When I was a kid, we would travel to northern Ohio two or three times a year to visit my aunt (my mother's only sister) and her family. There were a number of tourist attractions near where my aunt lived. We enjoyed visiting Cedar Point, Put-in-Bay, Marblehead, and many other places.

One attraction that always held a fascination for me was a place called the Blue Hole, near Castalia. This was a pond with water that had an eerie blue green "glow." It was fed by subterranean springs which allowed it to maintain a constant level and temperature at any time of the year. Because of the presence of certain minerals, fish could not survive in the pond, and there was also the legend that the bottom could not be found.

One practice of visitors to the Blue Hole, as is the case with many fountains and other bodies of water, was to pitch a coin in the Blue Hole and make a wish. Have you ever done that? This practice is really harmless, unless you are really counting on something to happen. Mercy, I hope you aren't.

Somewhat akin to the foolishness of counting on wishes made when throwing coins into bodies of water is living our lives without plans. We really need to do some thinking about our lives, how we want to live our lives, and what we want to do with our lives. Planning is so important in so many areas - family, finances, our future. Someone once said, "When we fail to plan, we plan to fail."

One important area of planning is how we are going to live for God. What kind of impact do we wish to make? What should I do to please him? What can I do for someone else to make an impact spiritually? How can I help someone else with some need they might have? Asking these questions helps us to make important decisions and helps us to make plans that are beneficial to ourselves and others.

Don't just throw coins in a pool and make a wish. Make some plans on how to become what you should be for God and for others. Proverbs 21:5 tells us, "The plans of the diligent lead to profit as surely as haste leads to poverty." Diligent planning leads to directed service!

Pastor Steve Pastor Steve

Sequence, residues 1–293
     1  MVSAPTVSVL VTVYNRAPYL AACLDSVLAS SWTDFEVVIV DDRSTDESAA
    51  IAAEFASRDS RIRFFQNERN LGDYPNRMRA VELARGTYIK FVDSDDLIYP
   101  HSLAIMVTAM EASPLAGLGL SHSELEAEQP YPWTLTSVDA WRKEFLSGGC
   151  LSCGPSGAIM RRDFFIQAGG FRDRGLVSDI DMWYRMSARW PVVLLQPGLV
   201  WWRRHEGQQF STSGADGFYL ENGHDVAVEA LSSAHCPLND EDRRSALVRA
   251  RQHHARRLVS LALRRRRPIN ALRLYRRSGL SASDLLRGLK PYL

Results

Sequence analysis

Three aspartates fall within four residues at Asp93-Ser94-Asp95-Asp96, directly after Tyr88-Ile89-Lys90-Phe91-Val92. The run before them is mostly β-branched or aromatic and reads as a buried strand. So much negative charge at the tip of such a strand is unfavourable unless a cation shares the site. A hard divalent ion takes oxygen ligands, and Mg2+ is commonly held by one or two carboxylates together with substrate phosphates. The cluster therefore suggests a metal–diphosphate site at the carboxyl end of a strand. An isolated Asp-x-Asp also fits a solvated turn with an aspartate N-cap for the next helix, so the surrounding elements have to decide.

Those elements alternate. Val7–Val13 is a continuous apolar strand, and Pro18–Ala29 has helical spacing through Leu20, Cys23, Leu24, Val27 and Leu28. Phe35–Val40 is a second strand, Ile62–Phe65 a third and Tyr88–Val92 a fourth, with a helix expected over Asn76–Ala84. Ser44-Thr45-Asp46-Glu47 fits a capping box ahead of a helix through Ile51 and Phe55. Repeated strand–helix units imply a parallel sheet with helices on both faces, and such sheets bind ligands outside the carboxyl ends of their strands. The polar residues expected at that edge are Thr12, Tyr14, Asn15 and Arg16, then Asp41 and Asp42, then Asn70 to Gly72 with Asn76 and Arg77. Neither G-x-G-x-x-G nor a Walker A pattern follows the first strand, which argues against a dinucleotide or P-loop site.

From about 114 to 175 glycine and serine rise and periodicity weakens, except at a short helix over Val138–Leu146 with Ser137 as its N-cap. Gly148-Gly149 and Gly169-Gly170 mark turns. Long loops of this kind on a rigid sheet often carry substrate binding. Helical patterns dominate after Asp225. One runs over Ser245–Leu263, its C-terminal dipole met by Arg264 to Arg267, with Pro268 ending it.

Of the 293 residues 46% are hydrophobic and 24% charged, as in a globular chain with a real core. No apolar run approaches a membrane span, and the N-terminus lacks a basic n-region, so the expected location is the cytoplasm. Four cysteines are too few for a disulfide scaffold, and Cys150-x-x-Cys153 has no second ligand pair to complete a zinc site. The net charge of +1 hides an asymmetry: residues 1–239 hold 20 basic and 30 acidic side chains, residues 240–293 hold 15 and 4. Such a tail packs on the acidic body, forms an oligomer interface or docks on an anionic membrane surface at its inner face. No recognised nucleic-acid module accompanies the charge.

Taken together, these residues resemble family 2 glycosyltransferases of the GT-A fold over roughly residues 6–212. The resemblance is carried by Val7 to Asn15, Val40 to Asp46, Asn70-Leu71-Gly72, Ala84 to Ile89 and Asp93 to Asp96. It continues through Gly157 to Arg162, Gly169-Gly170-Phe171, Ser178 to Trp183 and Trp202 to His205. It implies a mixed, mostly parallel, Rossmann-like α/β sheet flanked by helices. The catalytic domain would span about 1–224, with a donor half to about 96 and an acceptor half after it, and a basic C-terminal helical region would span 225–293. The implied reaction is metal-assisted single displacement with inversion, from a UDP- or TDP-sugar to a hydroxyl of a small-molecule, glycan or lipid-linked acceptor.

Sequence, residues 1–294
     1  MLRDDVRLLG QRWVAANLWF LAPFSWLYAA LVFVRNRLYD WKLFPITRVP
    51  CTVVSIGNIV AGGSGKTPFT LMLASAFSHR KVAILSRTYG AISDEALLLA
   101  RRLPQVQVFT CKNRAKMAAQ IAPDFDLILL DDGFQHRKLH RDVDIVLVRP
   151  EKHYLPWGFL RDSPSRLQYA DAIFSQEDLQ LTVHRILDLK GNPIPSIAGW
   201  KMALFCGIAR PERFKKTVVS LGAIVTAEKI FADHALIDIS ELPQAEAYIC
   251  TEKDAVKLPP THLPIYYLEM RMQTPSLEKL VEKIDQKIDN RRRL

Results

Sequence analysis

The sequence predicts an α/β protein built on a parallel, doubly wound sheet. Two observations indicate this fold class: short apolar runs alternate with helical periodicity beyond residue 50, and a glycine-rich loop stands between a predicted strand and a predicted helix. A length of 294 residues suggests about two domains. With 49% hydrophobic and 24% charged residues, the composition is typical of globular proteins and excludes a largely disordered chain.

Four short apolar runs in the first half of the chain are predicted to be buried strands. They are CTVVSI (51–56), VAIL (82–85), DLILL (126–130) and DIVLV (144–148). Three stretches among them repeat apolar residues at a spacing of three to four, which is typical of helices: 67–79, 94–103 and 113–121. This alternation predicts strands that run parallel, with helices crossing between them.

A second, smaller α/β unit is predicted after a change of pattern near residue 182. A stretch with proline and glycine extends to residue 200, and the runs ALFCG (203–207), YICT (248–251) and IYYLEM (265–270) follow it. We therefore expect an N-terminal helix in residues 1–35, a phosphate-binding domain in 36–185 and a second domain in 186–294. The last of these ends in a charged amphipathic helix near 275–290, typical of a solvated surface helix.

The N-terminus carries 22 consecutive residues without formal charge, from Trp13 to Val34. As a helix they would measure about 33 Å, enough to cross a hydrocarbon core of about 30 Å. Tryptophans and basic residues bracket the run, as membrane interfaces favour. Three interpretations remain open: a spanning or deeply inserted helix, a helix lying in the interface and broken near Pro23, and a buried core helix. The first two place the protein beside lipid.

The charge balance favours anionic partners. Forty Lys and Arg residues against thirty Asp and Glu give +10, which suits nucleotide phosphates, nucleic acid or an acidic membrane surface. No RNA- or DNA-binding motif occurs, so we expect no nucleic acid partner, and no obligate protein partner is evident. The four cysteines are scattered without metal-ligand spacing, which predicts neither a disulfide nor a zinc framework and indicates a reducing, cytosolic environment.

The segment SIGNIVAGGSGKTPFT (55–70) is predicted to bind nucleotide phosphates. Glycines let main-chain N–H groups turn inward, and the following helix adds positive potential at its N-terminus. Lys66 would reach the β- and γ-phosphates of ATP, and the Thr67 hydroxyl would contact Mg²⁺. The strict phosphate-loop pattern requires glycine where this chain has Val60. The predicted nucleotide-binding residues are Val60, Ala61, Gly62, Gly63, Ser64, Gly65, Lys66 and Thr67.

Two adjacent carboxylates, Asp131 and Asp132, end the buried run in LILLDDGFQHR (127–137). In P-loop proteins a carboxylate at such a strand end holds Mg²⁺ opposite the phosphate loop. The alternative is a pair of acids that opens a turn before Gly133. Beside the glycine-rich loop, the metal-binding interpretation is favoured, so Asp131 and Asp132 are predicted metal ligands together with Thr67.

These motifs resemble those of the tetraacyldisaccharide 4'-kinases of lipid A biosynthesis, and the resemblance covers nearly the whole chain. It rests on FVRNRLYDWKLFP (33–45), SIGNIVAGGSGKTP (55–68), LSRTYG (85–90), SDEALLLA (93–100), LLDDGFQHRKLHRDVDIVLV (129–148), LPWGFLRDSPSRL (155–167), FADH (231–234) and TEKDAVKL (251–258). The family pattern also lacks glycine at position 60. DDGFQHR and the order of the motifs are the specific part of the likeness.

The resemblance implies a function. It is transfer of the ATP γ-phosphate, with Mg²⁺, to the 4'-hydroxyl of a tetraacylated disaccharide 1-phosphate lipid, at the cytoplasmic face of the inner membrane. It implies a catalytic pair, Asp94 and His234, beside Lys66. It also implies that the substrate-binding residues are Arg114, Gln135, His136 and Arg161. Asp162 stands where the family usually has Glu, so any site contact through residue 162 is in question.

Wednesday October 07, 2020

Many of us have had "I was only trying to help" moments. One of mine was when I was helping some friends move and I dropped a box containing one of their favorite glass bowls. Oh yes, it broke - into about a million pieces. Well, what could they say? What could I say? "I was only trying to help!" I had nothing but good intentions, but made a mistake.

We read about a fellow with good intentions in Judges 8. Gideon had helped rid the Israelites of the threat of the Midianites. They even wanted to make him king, which he refused. However, he asked for a golden earring from each of the victorious soldiers which he used to fashion into a golden ephod. This golden ephod became an object of worship and eventually led the people away from worship of God. We read in Judges 8:26-27, "Gideon made the gold into an ephod, which he placed in Ophrah, his town. All Israel prostituted themselves by worshiping it there, and it became a snare to Gideon and his family." Not only his family, but the next generation of Israelites turned away from the true worship of God, all because of his actions done with good intentions. He may have had good intentions but his decision proved to be very wrong.

Dropping a box and unintentionally breaking a friend's bowl is one thing, but taking our eyes from the true worship of God is another. Watch your lives so that you don't turn away from following God. Your decision may also affect others - and that certainly is not trying to help!

Pastor Steve
Tuesday October 6, 2020

When I was a kid, we would travel to northern Ohio two or three times a year to visit my aunt (my mother's only sister) and her family. There were a number of tourist attractions near where my aunt lived. We enjoyed visiting Cedar Point, Put-in-Bay, Marblehead, and many other places.

One attraction that always held a fascination for me was a place called the Blue Hole, near Castalia. This was a pond with water that had an eerie blue green "glow." It was fed by subterranean springs which allowed it to maintain a constant level and temperature at any time of the year. Because of the presence of certain minerals, fish could not survive in the pond, and there was also the legend that the bottom could not be found.

One practice of visitors to the Blue Hole, as is the case with many fountains and other bodies of water, was to pitch a coin in the Blue Hole and make a wish. Have you ever done that? This practice is really harmless, unless you are really counting on something to happen. Mercy, I hope you aren't.

Somewhat akin to the foolishness of counting on wishes made when throwing coins into bodies of water is living our lives without plans. We really need to do some thinking about our lives, how we want to live our lives, and what we want to do with our lives. Planning is so important in so many areas - family, finances, our future. Someone once said, "When we fail to plan, we plan to fail."